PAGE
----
International Moving Image Archive

–Moving Types

Prof. Anja Stöffler

Building a digital platform for knowledge transfer

Starting point of the z zg is the extensive and unique archive “Time-based Typography – Moving Types”. It currently contains more than 800 international moving image works at the Mainz location. The archive is supplemented by numerous interviews with international designers and filmic specializations on the topic. Stöffler and Dringenberg have been collecting examples of animated typefaces in the field of film/TV, advertising, the Internet and public spaces for over 10 years – from the beginnings of film to the networked Internet of Things or current AR/VR/AI applications. This makes the archive a highly regarded state-of-the-art compendium and who’s who of the industry as well as an often quoted history of visual animation from the beginnings of film to the beginning of the 21st century. This unique archive on the history and development of moving type across all forms of media contexts is the basis for the award-winning travelling exhibition “Moving Types – Letters in Motion”, which has been shown several times.

Based on the interactive media exhibition, an international community of scientists, designers, programmers, media students and creators has established itself over the last eight years through the international MOTYF Festival, which takes place in biennial rhythm at locations such as Warsaw, Mainz, Dublin and soon Wellington.

The relevance of the topic in today’s world can be seen in the cultural contribution with clear effects on the field of work of the communication media itself. Writing is no longer just an expression in its original letter form, but is being expanded through new media technologies. Machine-generated texts, created by algorithms for reading out large amounts of data and their semantic connections, open up completely new “text worlds”. Sensory units are automatically generated and summarized and serve as source material for further units. These links are made possible by additional virtual information via metatags and the omnipresence in volatile, unstable online media. Writing in real virtual space raises the question of reliability via its immanent meaning. What relevance do texts have that we do not know where they originated, who cited or altered them, or which algorithms revealed them for what purpose, at what time, and for what identity. Against this background, we have been dealing with the question of the “Future Text” at the z zg for several years.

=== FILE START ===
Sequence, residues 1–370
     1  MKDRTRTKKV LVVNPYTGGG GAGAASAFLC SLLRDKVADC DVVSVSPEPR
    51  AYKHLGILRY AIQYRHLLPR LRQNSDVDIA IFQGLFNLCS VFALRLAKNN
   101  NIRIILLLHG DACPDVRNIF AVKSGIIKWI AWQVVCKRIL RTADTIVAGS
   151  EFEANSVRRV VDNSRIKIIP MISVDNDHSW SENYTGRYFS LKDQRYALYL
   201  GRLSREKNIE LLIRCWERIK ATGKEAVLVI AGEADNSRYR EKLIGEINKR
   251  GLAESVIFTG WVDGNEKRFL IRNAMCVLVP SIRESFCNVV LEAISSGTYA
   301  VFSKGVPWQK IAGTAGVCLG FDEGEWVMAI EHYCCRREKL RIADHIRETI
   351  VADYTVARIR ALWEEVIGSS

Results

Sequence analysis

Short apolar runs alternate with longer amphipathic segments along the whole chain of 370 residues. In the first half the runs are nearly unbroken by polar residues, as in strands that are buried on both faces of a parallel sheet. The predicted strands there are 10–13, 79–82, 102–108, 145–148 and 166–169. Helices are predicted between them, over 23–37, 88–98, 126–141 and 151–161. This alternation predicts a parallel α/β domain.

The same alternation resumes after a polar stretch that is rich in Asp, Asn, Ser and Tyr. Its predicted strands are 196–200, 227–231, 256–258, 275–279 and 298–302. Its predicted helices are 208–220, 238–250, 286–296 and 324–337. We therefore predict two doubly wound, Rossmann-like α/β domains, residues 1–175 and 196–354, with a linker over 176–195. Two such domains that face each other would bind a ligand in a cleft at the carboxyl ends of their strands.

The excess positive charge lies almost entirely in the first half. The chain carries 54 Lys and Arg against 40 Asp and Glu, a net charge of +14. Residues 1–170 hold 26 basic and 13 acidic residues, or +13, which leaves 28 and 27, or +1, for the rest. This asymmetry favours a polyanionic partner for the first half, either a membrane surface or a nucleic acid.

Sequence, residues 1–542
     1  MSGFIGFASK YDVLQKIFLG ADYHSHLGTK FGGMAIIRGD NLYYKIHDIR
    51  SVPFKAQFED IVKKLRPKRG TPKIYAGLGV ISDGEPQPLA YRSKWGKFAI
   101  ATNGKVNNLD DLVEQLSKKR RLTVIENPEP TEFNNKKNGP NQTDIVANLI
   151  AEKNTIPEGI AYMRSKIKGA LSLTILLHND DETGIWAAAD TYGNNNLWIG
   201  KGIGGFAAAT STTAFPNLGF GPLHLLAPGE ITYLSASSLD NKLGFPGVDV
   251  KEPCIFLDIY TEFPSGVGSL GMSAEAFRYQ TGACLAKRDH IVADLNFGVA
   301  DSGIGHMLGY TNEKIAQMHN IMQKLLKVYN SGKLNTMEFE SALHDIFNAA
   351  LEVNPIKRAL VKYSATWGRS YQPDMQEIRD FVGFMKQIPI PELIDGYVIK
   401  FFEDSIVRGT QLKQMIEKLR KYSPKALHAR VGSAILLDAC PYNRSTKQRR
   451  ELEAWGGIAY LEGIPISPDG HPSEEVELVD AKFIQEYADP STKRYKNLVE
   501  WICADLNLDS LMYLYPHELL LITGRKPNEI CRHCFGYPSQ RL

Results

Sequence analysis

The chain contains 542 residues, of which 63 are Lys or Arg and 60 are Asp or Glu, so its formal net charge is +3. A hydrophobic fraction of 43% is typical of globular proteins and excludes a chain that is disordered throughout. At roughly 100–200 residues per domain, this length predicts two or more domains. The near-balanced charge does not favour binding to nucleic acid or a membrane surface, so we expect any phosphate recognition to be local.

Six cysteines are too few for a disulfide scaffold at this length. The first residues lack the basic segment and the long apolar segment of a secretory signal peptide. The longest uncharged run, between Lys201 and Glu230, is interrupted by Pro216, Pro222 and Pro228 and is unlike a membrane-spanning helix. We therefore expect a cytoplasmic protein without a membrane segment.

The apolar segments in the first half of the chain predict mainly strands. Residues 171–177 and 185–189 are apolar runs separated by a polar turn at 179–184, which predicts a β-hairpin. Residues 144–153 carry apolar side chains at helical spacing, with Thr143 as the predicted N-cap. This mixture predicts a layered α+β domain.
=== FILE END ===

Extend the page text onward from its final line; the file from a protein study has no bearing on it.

The Moving Types Archive therefore contains not only a historically relevant collection, but also current examples of writing in the context of the networking of things, artificial intelligence, automated virtual identities, and the digital expansion of the human body into a transhuman data store. The focus is on a sustainable knowledge transfer of the idea and brand “Moving Types”, which was created in 2011. The aim is to archive the historical development of “Moving Types” and to initiate a platform for scientific exchange on the topic “Future Text”. By opening up the archive, it is possible to process the artistic history, the creative spirit and the aesthetics in connection with the methods and media technologies of each era in such a way that not only the two universities of Mainz and Gmünd, but also international experts will have digital access. The digital archive can grow with the participation of the community and be continuously enriched with information. This ensures sustainability for future generations.

Outlook and transfer

The processing of the contents offers room for new teaching formats and research work in several ways. By establishing data as a medium of knowledge transfer, the project provides a basis for national and international transfer projects between degree programs, departments, institutes at the university as well as the media industry and media business. The digital archive also serves as the basis for a permanent presence of the collection in the form of a permanent exhibition at the Mainz location.